G.M. Ford

"Nameless Night"

(Reviewed by Chuck Barksdale JUL 28, 2008)

"The state of Washington had estimated his age to be between twenty-five and thirty at the time he was discovered, lying near death in a railroad car down behind Western Station. Some bureaucrat had named him Paul Hardy, after a nephew who had died during childbirth. That was seven years ago, so these days Paul was probably somewhere in his midthirties, a strapping two-hundred-twenty-pound block of concrete who spent his days working for Ken Suzuki, a local landscaping contractor. While Paul could not actually be taught anything per se, he could with a bit of patience, be introduced to simple tasks."

After 12 books in two different series (about Frank Corso and Leo Waterman), G.M. Ford’s Nameless Night is an excellent and engrossing standalone thriller. The life of Paul Hardy, a ward of the state living at Harmony House, a long-term residential facility, who has limited mental capabilities and a disfigured face, is suddenly changed after being involved in a car accident. No one knows who Paul really is and how he ended up in Harmony House, but Paul’s adventures in trying to find out lead him in several different directions meeting many interesting people, while dealing with and trying to avoid enemies along the way.

The wealthy driver of the car that accidentally hits Paul feels guilty and pays for very expensive reconstructive surgery that not only repairs the new injuries but removes some old fragments from the frontal lobes of Paul’s brain from past injuries. These improvements not only change Paul’s appearance, but markedly improve his mental capabilities.

Although Paul is soon able to speak and think at an adult level, his memory of his prior life is very limited and at first all he remembers is the name “Wesley Allen Howard.” Helen Willis, the director of Harmony House, along with Paul’s part-time boss Ken Suzuki, both notice the change in Paul and want to help. They use the internet to see what they can find about Wesley Allen Howard and find many different and unhelpful possibilities. However soon after checking for that name, agents of the US government come to investigate Harmony House to see why someone was investigating that name.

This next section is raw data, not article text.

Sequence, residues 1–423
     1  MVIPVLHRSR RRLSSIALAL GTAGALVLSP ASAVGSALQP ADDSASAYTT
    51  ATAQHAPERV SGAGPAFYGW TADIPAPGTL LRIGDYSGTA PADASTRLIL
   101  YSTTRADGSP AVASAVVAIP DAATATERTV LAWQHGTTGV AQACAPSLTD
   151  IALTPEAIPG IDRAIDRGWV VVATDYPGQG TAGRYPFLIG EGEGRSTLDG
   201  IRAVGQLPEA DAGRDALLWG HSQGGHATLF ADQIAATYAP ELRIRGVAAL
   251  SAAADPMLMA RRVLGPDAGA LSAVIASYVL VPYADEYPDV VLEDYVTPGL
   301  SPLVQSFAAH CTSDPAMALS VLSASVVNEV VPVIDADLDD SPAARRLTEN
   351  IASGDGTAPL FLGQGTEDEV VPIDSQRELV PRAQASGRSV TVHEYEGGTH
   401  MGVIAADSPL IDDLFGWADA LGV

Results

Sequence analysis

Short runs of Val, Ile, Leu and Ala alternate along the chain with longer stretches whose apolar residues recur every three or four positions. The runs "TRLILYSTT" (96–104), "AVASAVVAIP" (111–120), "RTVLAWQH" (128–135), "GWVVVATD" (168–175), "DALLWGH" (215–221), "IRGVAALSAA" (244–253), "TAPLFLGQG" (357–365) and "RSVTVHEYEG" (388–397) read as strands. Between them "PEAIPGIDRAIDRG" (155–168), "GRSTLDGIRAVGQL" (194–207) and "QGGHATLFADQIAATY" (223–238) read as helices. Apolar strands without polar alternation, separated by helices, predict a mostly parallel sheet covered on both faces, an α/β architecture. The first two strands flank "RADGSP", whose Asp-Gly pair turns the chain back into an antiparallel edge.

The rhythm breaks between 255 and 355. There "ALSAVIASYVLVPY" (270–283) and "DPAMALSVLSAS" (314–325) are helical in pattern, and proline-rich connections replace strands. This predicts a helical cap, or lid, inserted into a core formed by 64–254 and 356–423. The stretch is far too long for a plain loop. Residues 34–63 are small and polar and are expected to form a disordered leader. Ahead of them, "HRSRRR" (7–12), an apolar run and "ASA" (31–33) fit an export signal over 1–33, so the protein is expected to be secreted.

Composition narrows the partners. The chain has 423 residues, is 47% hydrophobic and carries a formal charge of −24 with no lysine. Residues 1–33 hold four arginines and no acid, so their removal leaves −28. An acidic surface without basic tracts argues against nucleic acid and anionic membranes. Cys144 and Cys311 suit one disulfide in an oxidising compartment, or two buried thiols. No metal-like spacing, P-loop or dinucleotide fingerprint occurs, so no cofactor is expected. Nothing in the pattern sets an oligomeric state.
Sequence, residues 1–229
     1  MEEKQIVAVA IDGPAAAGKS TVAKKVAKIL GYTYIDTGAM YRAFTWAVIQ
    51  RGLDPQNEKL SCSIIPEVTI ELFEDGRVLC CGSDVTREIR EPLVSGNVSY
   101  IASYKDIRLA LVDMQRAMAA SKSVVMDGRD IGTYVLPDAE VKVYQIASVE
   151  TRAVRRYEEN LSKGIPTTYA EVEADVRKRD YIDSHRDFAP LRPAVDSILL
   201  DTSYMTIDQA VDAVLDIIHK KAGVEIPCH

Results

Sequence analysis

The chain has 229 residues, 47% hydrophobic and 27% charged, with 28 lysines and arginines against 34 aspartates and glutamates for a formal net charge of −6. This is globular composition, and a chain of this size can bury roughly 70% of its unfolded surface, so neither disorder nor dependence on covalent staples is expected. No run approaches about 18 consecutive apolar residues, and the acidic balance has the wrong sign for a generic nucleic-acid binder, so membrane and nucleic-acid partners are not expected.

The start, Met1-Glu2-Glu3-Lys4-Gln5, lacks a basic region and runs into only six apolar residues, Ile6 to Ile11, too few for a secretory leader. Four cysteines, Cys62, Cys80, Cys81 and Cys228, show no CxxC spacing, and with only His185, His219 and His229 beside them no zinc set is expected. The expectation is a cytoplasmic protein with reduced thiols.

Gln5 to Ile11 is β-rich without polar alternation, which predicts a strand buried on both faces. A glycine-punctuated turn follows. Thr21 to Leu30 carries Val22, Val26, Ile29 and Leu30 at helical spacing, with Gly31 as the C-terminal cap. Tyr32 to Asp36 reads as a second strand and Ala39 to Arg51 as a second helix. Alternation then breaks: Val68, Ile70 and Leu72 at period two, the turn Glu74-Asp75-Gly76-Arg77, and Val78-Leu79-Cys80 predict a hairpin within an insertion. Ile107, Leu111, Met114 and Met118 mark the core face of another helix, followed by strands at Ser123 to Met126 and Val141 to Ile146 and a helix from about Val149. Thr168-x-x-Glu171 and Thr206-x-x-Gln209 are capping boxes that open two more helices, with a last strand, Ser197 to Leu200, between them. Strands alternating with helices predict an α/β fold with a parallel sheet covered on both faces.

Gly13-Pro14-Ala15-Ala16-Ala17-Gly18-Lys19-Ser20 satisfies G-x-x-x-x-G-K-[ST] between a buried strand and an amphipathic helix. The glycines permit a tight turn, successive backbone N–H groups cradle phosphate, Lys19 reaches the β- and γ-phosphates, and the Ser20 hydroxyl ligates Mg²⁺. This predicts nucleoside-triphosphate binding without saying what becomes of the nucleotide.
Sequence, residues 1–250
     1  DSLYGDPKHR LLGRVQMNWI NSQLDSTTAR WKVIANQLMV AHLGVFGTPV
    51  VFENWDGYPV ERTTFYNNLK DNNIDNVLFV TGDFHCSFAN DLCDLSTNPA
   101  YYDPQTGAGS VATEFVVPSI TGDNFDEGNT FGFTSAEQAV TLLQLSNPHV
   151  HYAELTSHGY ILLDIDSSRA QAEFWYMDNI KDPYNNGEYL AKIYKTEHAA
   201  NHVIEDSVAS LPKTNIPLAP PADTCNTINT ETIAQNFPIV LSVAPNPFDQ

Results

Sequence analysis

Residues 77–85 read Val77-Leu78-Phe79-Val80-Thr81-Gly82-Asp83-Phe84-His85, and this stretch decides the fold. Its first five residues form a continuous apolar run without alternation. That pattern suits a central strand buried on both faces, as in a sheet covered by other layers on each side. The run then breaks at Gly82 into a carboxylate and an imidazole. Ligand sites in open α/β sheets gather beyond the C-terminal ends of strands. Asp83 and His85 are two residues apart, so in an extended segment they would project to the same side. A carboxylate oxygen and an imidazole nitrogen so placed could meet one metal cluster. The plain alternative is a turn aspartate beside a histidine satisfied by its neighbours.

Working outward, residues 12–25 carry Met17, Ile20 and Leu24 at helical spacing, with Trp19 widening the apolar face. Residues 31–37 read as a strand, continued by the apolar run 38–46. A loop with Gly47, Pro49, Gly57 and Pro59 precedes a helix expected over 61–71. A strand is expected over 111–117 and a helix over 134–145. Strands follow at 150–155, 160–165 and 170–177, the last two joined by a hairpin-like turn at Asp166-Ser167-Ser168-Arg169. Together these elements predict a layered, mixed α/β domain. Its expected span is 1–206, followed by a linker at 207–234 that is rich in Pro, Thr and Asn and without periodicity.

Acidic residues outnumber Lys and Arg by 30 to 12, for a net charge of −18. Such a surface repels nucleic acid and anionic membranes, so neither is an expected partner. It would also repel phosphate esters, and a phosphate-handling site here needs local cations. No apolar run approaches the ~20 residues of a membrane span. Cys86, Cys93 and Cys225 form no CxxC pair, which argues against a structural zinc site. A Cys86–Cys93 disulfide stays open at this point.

Since Paul wants to better understand who he is and why the government may be interested in what his is doing, he decides to leave Harmony House and try to find out more about his prior life (without letting the government agents know). On his travels, he meets Brittany, a hair dresser who helps to change Paul’s appearance so he can avoid the government agents. Paul and Brittany hit if off and when Brittany decides to drive back home to Alabama, Paul agrees to go with her. While in Alabama, Brittany and her family help Paul with some new information that he remembers to track down a possible lead for Wesley Allen Howard in Florida. Paul leaves on his own to go to Florida where he meets Wesley Howard and his wife. Paul finds them both a bit suspicious, especially when the wife suddenly disappears.

G. M. Ford has created an interesting story with enjoyable characters. The favorable characters, such as Paul Hardy, Brittany and Helen Willis are easy to like and trust. The government agents are very easy to hate and in some ways are a bit unbelievable. Nonetheless, this book keeps your interest from the beginning to the end.

Although G. M. Ford has written a couple of series that appear interesting, Nameless Night is the first book of his that I have read. I was happy to see I was able to start with a standalone and if Nameless Night is an indication of the style and quality of books by G. M. Ford, I have twelve books and two enjoyable series in front of me to read. In fact, I’ve already picked up two of his books.

  • Amazon readers rating: from 13 reviews


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Bibliography: (with links to Amazon.com)

Frank Corso novels:

P.I. Leo Waterman novels:

 

 

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Book Marks:

 

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About the Author:

author G. M. FordG.M (Jerry) Ford lived in Seattle and taught creative writing in high school through university levels for 20 years before becoming a full time detective novelist.

Ford now lives in Oregon

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